Any form of application used for data analysis is stringently dependent on its ability to retrieve queries fast. However, when working with larger or more complex datasets, as well as an increasing amount of concurrent users, the performance depends largely on the underlying analytical database — whether this is built into the application as part of a single-stack tool or implemented via a separate data warehouse layer.
What Makes a Scalable Database?
Database scalability is a concept in database design that emphasizes the capability of a database to handle growth in the amount of data and users. In the modern applications sphere, two types of workloads have emerged: analytical and transactional workloads. Planning for workload growth must take into account operating system, database design, and hardware design decisions.
Traditional Approach: Denormalization
At the hardware level, vertical and horizontal scalability exist. Vertical scaling involves increasing the capacity of a single machine. The capacity of a single machine can be increased by adding more CPU cores, RAM, and storage. Horizontal scaling involves adding more machines to cope with growing workloads. This article will only highlight database design decisions required for a scalable application.
At the database level, configuration, schema design, indexing, and query design affect the capability of a database to scale. Each relational database system provides a set of parameters that can be tweaked to improve performance. Therefore, it is advisable to check parameters that are used in the specific database system. Schema design offers the biggest opportunity for a system developer to make decisions that will affect the scalability and performance of a database. Transaction workloads require a normalized design while analytical workloads require a denormalized design. Each design will be briefly explained.
In a transaction workload, the main objective is to process a large number of short
DELETE queries. Such databases are normalized to the third normal form (3NF). In this form, business entities are broken into small tables. The business entities to be used in informing how to break up the tables come from a thorough analysis of the business. Normalization reduces redundant storage of data and enables tables to be joined to others. Indexing in a transaction workload does improve query response but slows update, insert, and delete queries.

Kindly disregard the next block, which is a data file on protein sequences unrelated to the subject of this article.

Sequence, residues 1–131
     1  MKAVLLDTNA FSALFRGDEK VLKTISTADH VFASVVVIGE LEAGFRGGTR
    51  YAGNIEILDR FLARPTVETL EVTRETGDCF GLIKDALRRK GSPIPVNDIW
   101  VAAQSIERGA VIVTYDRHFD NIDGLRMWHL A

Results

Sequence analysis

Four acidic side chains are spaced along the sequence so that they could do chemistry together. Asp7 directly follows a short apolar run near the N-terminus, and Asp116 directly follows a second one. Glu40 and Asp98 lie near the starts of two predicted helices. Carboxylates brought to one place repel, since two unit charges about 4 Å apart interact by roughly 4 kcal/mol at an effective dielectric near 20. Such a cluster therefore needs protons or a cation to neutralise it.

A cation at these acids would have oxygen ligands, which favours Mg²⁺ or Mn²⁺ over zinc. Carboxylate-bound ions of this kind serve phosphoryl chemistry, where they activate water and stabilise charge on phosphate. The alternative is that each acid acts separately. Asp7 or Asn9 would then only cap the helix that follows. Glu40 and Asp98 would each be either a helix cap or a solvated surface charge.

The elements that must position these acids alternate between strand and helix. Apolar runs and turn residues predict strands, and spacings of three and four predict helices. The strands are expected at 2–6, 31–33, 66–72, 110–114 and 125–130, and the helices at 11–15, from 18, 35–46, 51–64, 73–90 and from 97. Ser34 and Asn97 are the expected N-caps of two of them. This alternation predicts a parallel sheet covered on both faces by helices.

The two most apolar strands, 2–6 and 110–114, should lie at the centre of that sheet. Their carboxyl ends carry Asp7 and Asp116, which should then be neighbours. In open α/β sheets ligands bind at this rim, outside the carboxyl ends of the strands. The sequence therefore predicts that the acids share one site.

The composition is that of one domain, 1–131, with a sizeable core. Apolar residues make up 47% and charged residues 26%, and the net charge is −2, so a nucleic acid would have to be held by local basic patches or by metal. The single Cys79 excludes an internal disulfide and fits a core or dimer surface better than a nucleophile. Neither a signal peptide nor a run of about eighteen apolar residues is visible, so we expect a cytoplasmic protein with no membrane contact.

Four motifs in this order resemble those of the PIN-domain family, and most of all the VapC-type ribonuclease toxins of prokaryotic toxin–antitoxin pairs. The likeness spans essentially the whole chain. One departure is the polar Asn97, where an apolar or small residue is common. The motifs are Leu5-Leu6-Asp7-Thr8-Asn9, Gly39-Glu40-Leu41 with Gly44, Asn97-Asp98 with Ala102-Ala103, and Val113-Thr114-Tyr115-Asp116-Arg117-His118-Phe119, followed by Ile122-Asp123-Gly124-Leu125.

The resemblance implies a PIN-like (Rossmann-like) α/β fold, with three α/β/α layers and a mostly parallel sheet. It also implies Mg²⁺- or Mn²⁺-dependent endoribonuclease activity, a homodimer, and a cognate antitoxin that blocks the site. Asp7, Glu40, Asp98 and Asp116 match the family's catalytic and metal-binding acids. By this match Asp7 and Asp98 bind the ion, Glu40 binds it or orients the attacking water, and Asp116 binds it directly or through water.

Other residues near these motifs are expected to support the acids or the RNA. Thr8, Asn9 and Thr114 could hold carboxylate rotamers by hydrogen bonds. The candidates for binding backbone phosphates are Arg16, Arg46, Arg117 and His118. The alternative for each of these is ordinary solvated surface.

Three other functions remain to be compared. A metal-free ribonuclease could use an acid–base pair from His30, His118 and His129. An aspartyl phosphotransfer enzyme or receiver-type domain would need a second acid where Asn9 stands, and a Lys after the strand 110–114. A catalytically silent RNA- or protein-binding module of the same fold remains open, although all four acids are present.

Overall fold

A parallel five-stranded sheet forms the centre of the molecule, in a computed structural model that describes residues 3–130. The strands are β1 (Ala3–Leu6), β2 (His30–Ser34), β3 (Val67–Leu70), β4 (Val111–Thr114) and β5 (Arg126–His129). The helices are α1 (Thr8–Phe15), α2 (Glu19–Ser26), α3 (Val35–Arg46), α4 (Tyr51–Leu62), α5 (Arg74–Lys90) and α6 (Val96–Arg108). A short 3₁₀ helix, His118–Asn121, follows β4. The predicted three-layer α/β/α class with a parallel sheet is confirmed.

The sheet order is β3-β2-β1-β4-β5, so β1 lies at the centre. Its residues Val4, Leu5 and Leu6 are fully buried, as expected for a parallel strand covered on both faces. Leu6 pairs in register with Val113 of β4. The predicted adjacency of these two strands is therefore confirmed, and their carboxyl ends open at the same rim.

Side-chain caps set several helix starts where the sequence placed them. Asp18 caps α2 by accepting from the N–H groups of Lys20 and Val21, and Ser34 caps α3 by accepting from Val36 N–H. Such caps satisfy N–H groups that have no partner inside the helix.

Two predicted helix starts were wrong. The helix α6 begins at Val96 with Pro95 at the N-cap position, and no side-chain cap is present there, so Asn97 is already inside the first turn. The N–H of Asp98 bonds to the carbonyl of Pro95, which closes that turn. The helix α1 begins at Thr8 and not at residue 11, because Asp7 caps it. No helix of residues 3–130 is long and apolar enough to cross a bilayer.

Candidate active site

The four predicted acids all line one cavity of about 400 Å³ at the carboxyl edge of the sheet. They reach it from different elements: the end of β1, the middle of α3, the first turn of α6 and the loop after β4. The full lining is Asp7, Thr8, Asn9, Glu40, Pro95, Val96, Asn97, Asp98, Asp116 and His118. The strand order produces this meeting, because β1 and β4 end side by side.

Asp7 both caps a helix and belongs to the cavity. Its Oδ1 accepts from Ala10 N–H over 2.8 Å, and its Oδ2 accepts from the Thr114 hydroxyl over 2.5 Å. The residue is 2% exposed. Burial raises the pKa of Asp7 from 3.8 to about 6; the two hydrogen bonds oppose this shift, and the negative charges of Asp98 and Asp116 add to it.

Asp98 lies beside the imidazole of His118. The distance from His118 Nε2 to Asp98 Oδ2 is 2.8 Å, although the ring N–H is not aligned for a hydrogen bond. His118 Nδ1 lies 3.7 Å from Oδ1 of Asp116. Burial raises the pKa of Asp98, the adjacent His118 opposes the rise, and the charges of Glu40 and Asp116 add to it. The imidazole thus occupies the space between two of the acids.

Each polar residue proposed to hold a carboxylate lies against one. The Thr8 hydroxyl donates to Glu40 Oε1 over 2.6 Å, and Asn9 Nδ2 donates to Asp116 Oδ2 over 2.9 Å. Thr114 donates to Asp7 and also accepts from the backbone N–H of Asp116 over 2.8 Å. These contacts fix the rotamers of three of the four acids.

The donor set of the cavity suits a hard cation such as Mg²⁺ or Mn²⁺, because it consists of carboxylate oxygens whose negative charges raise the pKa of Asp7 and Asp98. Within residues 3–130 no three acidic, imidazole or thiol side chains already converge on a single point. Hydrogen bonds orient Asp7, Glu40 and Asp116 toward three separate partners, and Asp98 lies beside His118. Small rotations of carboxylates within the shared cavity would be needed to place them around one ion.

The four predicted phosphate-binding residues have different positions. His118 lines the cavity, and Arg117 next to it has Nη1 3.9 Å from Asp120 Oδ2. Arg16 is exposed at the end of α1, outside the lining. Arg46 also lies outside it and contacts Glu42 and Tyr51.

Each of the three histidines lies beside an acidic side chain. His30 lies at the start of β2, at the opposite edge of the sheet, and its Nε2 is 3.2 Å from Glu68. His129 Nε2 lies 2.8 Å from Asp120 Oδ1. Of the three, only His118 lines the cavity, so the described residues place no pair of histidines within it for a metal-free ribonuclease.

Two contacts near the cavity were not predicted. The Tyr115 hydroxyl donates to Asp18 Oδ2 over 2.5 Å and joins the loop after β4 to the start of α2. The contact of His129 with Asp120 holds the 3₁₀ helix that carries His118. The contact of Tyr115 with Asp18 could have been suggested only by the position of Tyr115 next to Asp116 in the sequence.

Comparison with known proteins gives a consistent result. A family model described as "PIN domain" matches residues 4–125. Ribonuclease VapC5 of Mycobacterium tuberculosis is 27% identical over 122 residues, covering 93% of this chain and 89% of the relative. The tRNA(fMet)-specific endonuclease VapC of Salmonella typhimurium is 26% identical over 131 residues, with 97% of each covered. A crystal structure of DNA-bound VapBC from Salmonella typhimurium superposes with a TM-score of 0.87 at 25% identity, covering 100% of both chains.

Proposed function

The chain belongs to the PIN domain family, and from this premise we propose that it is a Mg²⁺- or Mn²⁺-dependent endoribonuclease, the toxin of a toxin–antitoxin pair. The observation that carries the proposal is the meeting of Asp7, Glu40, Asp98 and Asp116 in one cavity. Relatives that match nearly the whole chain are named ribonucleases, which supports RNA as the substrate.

Therefore, indexing can speed up or slow down a transaction database depending on how it is implemented. An iterative indexing strategy of implementing an index and testing its effect is appropriate. Although partitioning was developed for data warehouses, it can still be beneficial in a transaction system, especially where databases are big. A 3NF assures data consistency and accuracy but performance may be reduced due to the multiple joins involved. Trying to optimize query performance in a transaction system will affect the core functions of recording business data. Therefore, it is advisable to migrate data analysis to a specialized system that uses an analytical workload design.
In an analytical workload, the objective is to process few complex queries that arise in data analysis. This design is optimized for fast query performance. The data is denormalized meaning the business entities that were broken into different tables in the transaction system are joined together into one table. In this design, the two major table types are dimension and fact tables. Dimension tables contain descriptive attributes about the business. Fact tables contain measurable attributes that show the performance of a business. For example, in a sales process, the dollar amounts are the facts while region, customer type, and product category are the dimensions. In this design, indexing and partitioning are very beneficial in improving the response times.
When working with either workload, query optimization is very important. One optimization technique is avoiding the use of
SELECT*; instead, you should list all columns. Loops and correlated sub-queries slow down performance so they need to be used judiciously.
Improving Performance via In-Chip Optimization
The approach outlined above, while scalable, often means sacrificing a great deal of the granularity of the original data on account of the need to denormalize and index said data in advance. This also limits the ability of the typically less-technical, front-end users of analytical applications to perform ad-hoc analysis — as they can only access certain views or queries according to a predefined schema. The Elasticube presents an alternative form of analytical repository designed for fast query retrieval and scale. It’s based on the notion that by employing in-chip technology to maximize the capabilities of modern hardware, business intelligence tools can achieve optimal performance when processing analytical queries, even without sacrificing the granularity of the data or flexibility of the front-end analysis — since faster query retrieval eliminates the need for summary tables, indexes, or denormalization.